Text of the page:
Juvenile Huntington's Weekend September 2007

Calvert Trust main building
It was a strange feeling going to the JHD weekend this year. My son Michael and his friend Bobby had both passed away and it was a different venue; how could it be as good?

 

Jamie (who had been one of Michael's carers), my daughter Kirsty and I, left Girvan at 1:30 pm for the the 150 mile journey. We had hoped to be at the Calvert Trust in England by 4:00 pm. We had the satellite navigation system so getting there should not have been a problem. Unfortunately, 'shouldn't' and 'wouldn't' have different meanings and we got lost, LOL!. We finally arrived at 5.15 in one piece, which is more than I can say for the satellite navigation system :). We were greeted by Helen and Cathy, the organisers. I have great respect for these people; they are wonderful.

One of the sad things about the JHD weekend is seeing these amazing families one year farther into JHD. The changes can be shocking. I could feel myself 'filling up' with emotion, but I had to put my sadness to the back of my thoughts. We were all there to have a good time and support each other. There were also some new families, more amazing people! We also had the pleasure of of meeting Stacie Vic from the University of Iowa who had also attended the U.S retreat.

Kirsty and friends acting in a skit
The first night was spent getting to know the new families and 'catching up' with old friends. We had a quiz and some of the kids and helpers performed a drama. It was hilarious! Kirsty got married to a mob boss who liked to breakdance; there are some photos on the JHD family website, well worth seeing! (www.jhdfamilies.co.uk).

 

On the Saturday morning, the kids went away with carers and staff to enjoy their activities; meanwhile, the parents attended some meetings. Everyone there talked openly and honestly, definitely beneficial to all. Sometimes it is the only chance that people get to vent their feelings and ask/answer questions on their loved ones' conditions.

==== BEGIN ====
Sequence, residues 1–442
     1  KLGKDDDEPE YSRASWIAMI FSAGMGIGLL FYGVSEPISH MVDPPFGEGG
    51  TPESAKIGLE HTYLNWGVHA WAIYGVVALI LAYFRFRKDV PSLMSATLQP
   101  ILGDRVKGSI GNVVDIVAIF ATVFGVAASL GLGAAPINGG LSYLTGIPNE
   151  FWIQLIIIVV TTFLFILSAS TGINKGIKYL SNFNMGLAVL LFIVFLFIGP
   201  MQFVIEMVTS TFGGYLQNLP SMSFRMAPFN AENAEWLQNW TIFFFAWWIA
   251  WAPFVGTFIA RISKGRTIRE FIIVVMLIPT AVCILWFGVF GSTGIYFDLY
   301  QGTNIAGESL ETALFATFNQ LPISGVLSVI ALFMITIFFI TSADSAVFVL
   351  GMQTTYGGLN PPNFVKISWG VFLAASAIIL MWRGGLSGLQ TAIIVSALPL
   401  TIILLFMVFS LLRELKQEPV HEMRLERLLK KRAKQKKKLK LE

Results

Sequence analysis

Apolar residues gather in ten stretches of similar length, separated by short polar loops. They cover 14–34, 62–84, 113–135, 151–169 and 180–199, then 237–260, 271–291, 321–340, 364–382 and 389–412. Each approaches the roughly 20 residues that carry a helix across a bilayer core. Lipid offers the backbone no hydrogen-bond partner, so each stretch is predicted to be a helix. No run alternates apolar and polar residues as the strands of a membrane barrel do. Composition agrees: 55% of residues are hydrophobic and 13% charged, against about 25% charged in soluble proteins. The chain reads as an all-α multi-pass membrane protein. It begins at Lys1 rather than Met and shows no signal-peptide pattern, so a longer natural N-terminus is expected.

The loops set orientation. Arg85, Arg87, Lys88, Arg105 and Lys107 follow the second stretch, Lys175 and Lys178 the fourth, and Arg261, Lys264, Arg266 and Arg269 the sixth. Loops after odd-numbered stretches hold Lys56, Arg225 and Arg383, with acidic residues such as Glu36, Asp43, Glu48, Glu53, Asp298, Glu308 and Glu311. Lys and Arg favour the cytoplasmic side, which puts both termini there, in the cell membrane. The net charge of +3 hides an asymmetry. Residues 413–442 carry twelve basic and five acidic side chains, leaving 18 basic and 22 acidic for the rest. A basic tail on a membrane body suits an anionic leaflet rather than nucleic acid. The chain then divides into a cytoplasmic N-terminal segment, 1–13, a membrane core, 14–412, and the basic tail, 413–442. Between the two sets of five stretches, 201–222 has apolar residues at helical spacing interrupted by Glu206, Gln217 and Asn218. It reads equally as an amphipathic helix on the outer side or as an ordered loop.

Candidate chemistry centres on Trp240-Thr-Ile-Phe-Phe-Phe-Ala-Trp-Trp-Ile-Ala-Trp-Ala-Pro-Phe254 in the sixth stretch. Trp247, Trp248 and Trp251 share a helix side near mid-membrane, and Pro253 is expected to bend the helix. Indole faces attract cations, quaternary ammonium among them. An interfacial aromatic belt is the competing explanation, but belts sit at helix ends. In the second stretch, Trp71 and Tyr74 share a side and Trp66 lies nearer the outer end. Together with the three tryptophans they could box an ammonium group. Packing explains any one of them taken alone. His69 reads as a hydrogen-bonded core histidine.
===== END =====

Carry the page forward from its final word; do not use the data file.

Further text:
At 6:30 on the Saturday evening we celebrated the lives of Michael and Bobby. We all lit a candle and released red, blue and white balloons (the colours of the Glasgow Rangers football team, both boys favourite team). Helen and Cathy read a lovely piece about "Water-bugs and dragonflies" which is all about teaching kids about death; it was very moving and lovely. We then enjoyed a barbecue washed down with a little alcohol (maybe not so little, LOL), a perfect end to a perfect day.

On the Sunday after breakfast while the kids were away in their canoes, we all gathered to hear one family's story of how they helped make their childs dream of swimming with dolphins come true. Once more, it was very touching. Then it was time for us to pack up and say our goodbyes, always the hardest part.

All-in-all another great weekend; it was as good as the previous ones. Even without Michael and Bobby, we still had a great time. Our thanks go out to Helen, Cathy and all the others who made it all possible.

Gordon Robertson